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Life history traits as predictors for biological invaders ?

Duyck P.F., David P., Glenac S., Quilici S.. 2004. In : Strenght in Diversity : ICE 2004 : 22nd International Congress of Entomology, Brisbane, Australia, 15-21 August 2004. s.l. : s.n., 1 p.. International Congress of Entomology. 22, 2004-08-15/2004-08-21, Brisbane (Australie).

Fruit flies (Diptera: Tephritidae) of Réunion Island constitute a good model to test the hypothesis that invasions might be predicted by life history traits. Indeed a series of four successive invasions by species belonging to the same family has been reported in the past. The endemic Ceratitis catoirii has been first displaced by the invasion of Ceratitis capitata in the 1940's. These two species have later been displaced again by Ceratitis rosa, introduced in 1955 and finally, Bactrocera zonata has been detected in 1991. We tested whether the ability of a species to displace another was dependent on life-history characteristics. Fecundity and mortality parameters as well as body size indicate that the different species can be placed on an r/K trade-off except for the endemic species, which is outperformed by the other three species for all traits. Among the three introduced species, the invasion rank was not correlated to a high intrinsic rate of increase. On the contrary, B. zonata, which was able to displace all other species, has a low rate of increase, large adult size, long prereproductive period, low fecundity and delayed senescence, which suggests that the K lifestyle favors invasion in the presence of competitors. (Texte intégral)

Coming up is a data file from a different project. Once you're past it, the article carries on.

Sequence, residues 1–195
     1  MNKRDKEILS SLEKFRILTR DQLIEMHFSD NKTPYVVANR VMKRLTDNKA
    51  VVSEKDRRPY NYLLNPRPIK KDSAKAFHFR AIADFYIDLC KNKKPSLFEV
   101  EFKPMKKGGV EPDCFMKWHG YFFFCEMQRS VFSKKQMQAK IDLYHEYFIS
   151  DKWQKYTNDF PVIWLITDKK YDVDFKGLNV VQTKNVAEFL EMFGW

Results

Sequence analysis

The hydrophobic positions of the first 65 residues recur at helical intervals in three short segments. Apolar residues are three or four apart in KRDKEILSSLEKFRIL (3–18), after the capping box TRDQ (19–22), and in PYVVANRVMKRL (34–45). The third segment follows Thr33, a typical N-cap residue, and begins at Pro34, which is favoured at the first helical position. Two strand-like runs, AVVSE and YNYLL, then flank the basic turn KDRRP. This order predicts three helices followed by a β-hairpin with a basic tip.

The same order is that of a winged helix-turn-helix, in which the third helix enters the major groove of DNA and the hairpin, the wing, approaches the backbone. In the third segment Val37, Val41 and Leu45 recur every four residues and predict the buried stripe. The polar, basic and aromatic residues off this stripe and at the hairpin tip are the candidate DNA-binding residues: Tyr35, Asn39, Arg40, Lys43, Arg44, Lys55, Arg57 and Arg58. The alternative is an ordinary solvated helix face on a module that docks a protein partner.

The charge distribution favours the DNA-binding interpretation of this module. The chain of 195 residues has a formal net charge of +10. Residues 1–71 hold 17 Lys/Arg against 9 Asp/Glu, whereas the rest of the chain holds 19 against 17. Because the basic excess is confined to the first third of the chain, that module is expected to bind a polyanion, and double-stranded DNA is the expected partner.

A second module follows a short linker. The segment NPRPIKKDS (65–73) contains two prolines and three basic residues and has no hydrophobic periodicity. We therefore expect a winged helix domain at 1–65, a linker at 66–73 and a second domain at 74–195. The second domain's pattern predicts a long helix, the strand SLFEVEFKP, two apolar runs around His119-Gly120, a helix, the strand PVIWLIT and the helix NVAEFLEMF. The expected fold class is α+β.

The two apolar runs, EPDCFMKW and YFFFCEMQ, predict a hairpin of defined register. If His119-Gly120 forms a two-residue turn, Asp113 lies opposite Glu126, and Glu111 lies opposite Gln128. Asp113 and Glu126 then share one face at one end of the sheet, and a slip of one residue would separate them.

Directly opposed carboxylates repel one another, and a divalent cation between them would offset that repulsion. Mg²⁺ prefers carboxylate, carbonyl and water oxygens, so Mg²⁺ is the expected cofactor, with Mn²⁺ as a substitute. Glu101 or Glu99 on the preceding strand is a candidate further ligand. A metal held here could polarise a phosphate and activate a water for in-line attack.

Mots-clés : culture fruitière; tephritidae; ceratitis; bactrocera; technique de prévision; fertilité; mortalité; ravageur des plantes; pouvoir pathogène; agent pathogène; modèle; génétique des populations; organisme indigène; réunion; france; pathogénicité; mouche des fruits

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